Progressive resistance training improves overall physical activity levels in patients with early osteoarthritis of the knee: A randomized controlled trial

Joshua N. Farr, Scott B. Going, Patrick E. McKnight, Shelley Kasle, Ellen C. Cussler, Michelle Cornett

Research output: Contribution to journalArticlepeer-review

83 Scopus citations


Background. Prescription of resistance training (RT) exercises is an essential aspect of management for knee osteoarthritis (OA). However, whether patients with knee OA who are randomly assigned to receive RT simply substitute RT for other modes of physical activity remains unclear. Objective. The aim of this study was to determine the effect of a structured RT intervention on overall levels of moderate- and vigorous-intensity physical activity (MVPA) in patients with early-onset knee OA. The study compared patients with early-onset OA who participated in an RT program, those who participated in a self-management (SM) program, and those who participated in both RT and SM. Because participants randomly assigned to receive the RT intervention may simply switch activity modes, resulting in little net effect, we assessed total MVPA in addition to tracking changes in strength (force-generating capacity). Design and Intervention. This study was a randomized controlled trial comparing the effectiveness of SM alone, RT alone, and combined RT+SM on MVPA in patients with early OA of the knee. Setting. The study was conducted on a university campus, with patient recruitment from the local community. Participants. The participants in this study were 171 patients (74% women, 26% men) with knee OA. They had a mean age of 55.1 (SD=7.1) years, a mean body mass index of 27.6 (SD=4.2) kg/m2, and radiographic status of grade II OA (and no higher) in at least one knee, as defined by the Kellgren and Lawrence classification. They wore an accelerometer while awake (X-= 14.2 [SD=2.2] hours) for 5 to 7 contiguous days (X-=6.8 [SD=0.5] days) at baseline and at 3 and 9 months of intervention. Results. The participants engaged in MVPA a mean of 26.2 (SD=19.3) minutes per day at baseline. Both groups significantly increased their MVPA from baseline to 3 months (RT group by 18% [effect size (d)=0.26]; SM group by 22% [effect size (d)=0.25]), but only the RT group sustained those changes at 9 months (RT group maintained a 10% increase [effect size (d)=0.15]; SM group maintained a 2% increase [effect size (d)=0.03]). A significant group X time interaction for MVPA indicated that the RT group maintained higher MVPA levels than the SM group. Limitations. Lack of direct measures of energy expenditure and physical function was a limitation of the study. Conclusions. Patients with early-onset OA of the knee can engage in an RT program without sacrificing their overall MVPA levels. These results support the value of RT for management of knee OA.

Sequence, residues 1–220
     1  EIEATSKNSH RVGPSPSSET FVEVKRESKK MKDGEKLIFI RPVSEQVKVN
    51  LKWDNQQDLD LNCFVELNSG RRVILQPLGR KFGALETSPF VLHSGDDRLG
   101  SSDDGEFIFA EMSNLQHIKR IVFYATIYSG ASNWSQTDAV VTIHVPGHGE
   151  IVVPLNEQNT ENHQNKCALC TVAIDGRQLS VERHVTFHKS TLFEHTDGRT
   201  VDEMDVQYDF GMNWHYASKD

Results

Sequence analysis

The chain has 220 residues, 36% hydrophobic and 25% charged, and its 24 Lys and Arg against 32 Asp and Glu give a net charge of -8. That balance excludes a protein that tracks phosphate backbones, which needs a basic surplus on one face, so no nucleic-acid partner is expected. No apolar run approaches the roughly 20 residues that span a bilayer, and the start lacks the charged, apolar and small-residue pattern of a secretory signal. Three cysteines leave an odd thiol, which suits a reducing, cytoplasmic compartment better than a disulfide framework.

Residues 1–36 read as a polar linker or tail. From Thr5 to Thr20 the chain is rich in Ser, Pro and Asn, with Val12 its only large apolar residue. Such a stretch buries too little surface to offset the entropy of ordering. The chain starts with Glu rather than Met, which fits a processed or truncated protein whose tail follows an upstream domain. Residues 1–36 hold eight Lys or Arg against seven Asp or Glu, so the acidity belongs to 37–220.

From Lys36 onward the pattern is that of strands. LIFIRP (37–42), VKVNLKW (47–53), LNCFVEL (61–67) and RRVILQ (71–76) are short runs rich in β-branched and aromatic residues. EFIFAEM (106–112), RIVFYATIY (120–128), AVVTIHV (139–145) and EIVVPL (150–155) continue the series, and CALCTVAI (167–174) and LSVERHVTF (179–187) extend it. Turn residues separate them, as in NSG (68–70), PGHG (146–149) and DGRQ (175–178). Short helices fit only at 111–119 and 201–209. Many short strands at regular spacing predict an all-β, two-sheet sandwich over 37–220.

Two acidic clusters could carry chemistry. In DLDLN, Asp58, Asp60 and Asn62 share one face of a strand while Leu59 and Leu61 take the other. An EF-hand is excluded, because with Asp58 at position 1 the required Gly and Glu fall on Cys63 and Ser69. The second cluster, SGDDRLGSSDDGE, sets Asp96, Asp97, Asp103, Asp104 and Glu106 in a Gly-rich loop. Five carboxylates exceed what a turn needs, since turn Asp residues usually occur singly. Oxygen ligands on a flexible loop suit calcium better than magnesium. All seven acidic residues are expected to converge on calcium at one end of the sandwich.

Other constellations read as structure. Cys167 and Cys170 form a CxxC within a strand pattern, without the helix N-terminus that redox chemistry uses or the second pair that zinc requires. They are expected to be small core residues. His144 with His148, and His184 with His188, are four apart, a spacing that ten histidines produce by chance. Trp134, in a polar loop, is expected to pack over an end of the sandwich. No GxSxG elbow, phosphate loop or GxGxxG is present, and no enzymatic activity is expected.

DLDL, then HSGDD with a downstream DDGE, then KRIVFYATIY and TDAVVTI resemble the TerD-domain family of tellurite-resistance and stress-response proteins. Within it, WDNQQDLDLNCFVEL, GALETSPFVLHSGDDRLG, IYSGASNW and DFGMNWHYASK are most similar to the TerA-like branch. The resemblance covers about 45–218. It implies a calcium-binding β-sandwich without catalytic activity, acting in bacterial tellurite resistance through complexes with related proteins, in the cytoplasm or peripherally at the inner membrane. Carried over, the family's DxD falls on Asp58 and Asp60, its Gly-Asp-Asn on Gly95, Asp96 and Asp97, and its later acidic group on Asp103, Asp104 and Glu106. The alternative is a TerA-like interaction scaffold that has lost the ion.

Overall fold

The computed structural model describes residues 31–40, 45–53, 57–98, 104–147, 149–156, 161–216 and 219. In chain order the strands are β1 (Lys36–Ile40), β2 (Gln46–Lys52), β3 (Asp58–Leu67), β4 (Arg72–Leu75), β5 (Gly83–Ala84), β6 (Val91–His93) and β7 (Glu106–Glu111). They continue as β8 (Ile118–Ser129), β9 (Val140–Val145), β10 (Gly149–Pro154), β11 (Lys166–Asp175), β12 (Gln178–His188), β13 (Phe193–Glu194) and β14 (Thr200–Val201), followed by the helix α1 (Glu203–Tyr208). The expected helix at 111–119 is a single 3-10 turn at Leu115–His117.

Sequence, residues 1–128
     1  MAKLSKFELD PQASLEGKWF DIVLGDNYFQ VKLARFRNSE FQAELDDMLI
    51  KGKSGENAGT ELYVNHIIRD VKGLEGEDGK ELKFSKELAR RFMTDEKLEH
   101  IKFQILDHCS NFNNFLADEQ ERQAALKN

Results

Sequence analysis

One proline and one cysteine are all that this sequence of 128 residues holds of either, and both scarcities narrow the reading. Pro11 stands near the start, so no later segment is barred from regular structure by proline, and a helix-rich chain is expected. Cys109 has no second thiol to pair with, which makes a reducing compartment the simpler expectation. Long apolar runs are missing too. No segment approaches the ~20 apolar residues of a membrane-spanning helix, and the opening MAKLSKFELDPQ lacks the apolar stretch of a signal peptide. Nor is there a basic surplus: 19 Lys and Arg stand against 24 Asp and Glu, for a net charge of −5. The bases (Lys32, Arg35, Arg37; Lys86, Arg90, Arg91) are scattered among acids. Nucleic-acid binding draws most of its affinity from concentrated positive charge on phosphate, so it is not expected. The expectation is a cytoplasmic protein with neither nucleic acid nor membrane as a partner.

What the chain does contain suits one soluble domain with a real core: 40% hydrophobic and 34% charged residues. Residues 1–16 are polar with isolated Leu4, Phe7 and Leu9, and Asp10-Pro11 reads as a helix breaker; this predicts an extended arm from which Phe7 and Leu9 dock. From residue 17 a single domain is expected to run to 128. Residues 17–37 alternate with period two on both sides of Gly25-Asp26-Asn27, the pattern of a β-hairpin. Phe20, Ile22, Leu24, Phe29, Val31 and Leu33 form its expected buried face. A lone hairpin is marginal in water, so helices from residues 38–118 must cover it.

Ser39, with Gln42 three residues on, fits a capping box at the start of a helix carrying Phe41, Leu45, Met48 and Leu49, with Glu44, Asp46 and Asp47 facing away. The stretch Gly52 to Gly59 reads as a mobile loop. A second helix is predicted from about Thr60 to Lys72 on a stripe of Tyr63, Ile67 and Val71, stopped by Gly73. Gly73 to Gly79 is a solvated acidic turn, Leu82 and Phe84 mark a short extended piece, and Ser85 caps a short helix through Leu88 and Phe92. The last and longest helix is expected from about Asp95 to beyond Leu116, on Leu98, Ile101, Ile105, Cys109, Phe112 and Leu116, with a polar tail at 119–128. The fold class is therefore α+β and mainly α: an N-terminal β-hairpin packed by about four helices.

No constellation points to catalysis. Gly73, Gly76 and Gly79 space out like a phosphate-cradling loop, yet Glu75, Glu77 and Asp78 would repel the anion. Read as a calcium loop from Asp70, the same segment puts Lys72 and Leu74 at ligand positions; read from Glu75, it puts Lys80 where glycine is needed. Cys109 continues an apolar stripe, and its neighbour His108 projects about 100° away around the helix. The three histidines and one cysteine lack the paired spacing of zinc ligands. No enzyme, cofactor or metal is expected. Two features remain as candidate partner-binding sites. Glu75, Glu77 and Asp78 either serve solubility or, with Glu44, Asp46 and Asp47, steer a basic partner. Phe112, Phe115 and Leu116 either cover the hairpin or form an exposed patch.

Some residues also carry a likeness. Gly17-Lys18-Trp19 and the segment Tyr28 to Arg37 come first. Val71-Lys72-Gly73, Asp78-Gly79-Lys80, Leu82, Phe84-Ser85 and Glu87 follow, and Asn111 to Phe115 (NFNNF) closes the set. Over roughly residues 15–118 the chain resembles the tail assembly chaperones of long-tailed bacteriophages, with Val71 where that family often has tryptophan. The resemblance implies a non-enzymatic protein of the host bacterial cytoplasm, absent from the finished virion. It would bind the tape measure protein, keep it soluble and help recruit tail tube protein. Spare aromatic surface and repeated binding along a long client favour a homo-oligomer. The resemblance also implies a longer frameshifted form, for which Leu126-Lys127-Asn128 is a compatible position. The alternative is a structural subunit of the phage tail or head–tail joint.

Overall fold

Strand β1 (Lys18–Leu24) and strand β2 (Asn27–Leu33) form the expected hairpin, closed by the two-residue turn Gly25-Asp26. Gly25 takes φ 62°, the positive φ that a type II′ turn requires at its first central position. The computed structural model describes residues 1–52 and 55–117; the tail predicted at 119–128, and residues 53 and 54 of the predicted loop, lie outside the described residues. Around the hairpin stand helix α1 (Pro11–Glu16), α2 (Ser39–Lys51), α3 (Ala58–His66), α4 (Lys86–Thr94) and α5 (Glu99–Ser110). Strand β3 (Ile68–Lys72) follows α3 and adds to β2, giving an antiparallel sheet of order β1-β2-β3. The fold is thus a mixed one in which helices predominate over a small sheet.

Original languageEnglish (US)
Pages (from-to)356-366
Number of pages11
JournalPhysical Therapy
Issue number3
StatePublished - Mar 2010

ASJC Scopus subject areas

  • Physical Therapy, Sports Therapy and Rehabilitation


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